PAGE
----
Entrevista a J. E. Burucúa por C. Benzecry, investigador afiliado de MESO

Claudio E. Benzecry, profesor de Northwestern University e investigador afiliado de MESO, entrevistó a José Emilio Burucúa, especialista en historia del arte y de la ciencia, para la revista Public Culture, de Duke University Press.

Citamos uno de los tantos fragmentos interesantes de la entrevista, a la que se puede acceder aquí.

“CEB: How does our understanding of the emergence of European modernity change when you think about it from the perspective of Buenos Aires, both when it comes to thinking of modernity according to authors other than the canonical ones, producing a different periodization, and how it is to work on these topics daily, with sources other than the paradigmatic ones?

JEB: Things do change, indeed. But the Spanish and Latin American sources are not so different from the Italian ones. They have a different organization, and some of them are even literal translations. So there is something going on; it has kind of a Pierre Menard’Quixote quality to it. But in the connectors between one theme and the next, you start noticing some interesting slippages. They go in that direction where perspective becomes an illusion, something almost like magic, a fantastic illusion. But things do change, and if one goes to do research with the Platonic idea that what happens in Europe is the model and everything else is an automated and degraded copy, then that is a big mistake. What I was trying to get at was to nd a different idea of space, of spatial representation.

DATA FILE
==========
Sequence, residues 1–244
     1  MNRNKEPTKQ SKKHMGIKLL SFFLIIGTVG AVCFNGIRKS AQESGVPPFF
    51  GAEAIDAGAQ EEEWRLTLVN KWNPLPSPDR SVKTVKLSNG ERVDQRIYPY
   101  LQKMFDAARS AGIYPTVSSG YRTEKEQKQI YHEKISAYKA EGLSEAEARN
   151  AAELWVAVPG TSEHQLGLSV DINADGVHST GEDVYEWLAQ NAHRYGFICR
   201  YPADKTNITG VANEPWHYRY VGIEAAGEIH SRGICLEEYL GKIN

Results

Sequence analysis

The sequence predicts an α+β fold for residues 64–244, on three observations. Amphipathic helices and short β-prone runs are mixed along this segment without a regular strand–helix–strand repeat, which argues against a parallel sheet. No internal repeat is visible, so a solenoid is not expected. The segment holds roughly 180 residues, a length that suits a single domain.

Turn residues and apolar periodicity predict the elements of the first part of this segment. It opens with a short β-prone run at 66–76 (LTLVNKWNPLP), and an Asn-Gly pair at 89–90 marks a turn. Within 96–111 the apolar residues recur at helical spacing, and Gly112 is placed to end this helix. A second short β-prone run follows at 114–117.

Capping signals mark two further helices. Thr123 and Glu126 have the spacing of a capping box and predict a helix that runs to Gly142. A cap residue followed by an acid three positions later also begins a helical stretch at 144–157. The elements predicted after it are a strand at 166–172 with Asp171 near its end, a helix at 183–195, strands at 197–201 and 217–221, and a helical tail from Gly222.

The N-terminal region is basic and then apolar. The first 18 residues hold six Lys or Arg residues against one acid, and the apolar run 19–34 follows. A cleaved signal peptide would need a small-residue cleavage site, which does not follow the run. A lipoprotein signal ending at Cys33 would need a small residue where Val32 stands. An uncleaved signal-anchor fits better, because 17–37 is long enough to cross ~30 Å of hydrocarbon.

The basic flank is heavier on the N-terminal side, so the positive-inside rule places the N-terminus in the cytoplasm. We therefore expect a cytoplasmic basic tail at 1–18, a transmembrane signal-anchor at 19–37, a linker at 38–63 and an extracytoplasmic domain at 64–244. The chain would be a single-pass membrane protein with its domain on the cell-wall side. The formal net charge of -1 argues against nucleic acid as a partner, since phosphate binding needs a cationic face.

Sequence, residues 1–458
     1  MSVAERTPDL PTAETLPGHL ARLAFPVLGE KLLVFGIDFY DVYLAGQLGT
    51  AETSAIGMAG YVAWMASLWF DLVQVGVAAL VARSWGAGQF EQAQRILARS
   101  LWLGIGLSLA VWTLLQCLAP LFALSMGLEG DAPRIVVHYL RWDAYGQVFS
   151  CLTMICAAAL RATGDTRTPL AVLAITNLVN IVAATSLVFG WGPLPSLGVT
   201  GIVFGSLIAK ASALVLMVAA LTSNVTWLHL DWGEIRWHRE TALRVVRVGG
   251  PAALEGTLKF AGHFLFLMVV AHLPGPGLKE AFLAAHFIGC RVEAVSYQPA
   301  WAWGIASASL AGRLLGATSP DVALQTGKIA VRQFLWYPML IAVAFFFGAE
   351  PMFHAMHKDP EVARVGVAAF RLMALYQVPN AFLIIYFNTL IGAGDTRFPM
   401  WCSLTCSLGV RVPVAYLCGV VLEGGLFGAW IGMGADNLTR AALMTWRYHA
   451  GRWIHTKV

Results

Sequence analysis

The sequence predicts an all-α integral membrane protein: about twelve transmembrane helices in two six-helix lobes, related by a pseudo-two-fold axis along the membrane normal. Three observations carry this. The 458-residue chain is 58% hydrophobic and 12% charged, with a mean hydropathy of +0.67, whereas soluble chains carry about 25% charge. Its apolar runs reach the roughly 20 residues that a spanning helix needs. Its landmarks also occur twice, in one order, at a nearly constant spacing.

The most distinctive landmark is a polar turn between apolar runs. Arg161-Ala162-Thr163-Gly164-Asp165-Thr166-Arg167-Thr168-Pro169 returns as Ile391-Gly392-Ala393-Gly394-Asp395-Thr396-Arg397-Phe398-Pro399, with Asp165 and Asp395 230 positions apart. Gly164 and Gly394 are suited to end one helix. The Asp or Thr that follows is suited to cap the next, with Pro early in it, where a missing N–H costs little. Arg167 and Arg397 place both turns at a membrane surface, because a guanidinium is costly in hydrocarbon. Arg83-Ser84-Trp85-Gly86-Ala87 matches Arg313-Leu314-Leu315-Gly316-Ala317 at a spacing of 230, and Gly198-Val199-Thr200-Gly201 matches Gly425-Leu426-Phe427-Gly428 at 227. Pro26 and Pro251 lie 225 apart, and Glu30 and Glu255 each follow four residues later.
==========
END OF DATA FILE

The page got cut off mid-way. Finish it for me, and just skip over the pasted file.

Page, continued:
What I believe is that, after the quattrocento in Europe, what opens up and prevails over the motives of Christian art is the systematic knowledge of the tools to generate the illusion that what you are seeing is actually a one-to-one representation of what youd see if the objects were there. Medieval art had as its main objective to make visible what was invisible. Because paradise in itself is invisible, right?” (Págs. 95-96 )
Jose Emilio Burucua, Interviewed by Claudio Benzecry. Public Culture 28 (1). January 2016.